We continued our good run through the pelagic season right up into September! Regular updates from 2018 can be seen here on https://twitter.com/shearwatertours. On the 26th of August we had one of the most incredible encounters of the year with the mystical and much sought after ‘Fea’s Petrel’…..This bird came and put on a show for all of us on board and really was a once in a lifetime experience for most. Although over the past 4 years we have clocked up 5 of these incredibly rare seabirds from our pelagics off West Cork, this one gave the best views and for the longest duration as John Coveney’s (1-3) and Seamus Enright’s (4) photos show here.

Fea’s Petrel 26/08/18

As autumn crept in and the weather became more unpredictable and unreliable, we took to the safety of ‘terra firma’ from which to make our observations. Again there was plenty to see both on and from land. Migrants were everywhere but scarcities were thin on the ground. A seawatch on the 10th of September from The Seven Heads produced yet another Fea’s-type Petrel in stormy conditions. The 16th produced a flyover American Golden Plover there too. The birds just kept coming! On the 7th of October we discovered a summer plumaged Pacific Diver at Crookhaven, while leading an outing for Birdwatch Ireland. This stunner had never been seen in this plumage in Ireland before and was a real treat. This was almost certainly the bird found at the same location in winter 17/18 and has been seen all through this winter also.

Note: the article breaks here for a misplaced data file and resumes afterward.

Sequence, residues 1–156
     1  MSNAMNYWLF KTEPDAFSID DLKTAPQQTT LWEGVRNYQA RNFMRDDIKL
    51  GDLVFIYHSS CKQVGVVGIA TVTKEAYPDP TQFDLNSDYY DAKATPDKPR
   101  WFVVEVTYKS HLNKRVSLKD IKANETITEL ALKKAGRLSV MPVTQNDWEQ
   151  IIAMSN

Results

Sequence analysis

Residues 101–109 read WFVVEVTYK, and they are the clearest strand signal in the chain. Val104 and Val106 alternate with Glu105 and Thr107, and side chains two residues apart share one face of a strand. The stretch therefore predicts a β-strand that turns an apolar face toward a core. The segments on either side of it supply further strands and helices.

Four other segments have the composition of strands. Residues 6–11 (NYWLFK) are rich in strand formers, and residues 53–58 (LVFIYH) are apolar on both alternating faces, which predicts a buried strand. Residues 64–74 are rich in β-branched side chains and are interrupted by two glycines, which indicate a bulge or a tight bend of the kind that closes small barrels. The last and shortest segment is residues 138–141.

Adult Pacific Diver Crookhaven 7/10/18

From the middle of October we were busy doing at sea Seabird Surveys and preparing for November 5th when a ten day trip to Bermuda to take part in the Cahow (Bermuda Petrel) Project was planned. One of the rarest Seabirds in the world the Cahow was thought to be extinct for almost 350 years until it’s rediscovery in 1951 and a conservation project has been in place since 1960, administered by Dr. David Wingate until his retirement in 2000 and from then until the present by the current Conservation officer Jeremy Madeiros. This was a fantastic experience and well deserved of it’s own blog post another day. I will be giving a talk on this project and showing some of my photos at O’Donovan’s Hotel, Clonakilty, Co. Cork on 6th of March and all are welcome to attend.

Bermuda Petrels (Cahows) Bermuda Nov ’18

With such an eventful 2018 gone by it is now time to focus on the year ahead and we have been working hard to bring you more ‘Sealife Pelagic’ dates, more ‘Wildlife Holidays’ and we’re not done yet. So watch this space for more exciting happenings!  Click on Tours above to see our schedule for the coming year! Here’s to a wildlife and bird filled 2019!






2 thoughts on “What a year!

  1. Great stuff Paul!
    Can’t work out how to follow your blog so hopefully this will work

    1. Hi Sue. I’m not sure how you would follow my blog either 😊 I’ll look into it.

Leave a Reply

Your email address will not be published. Required fields are marked *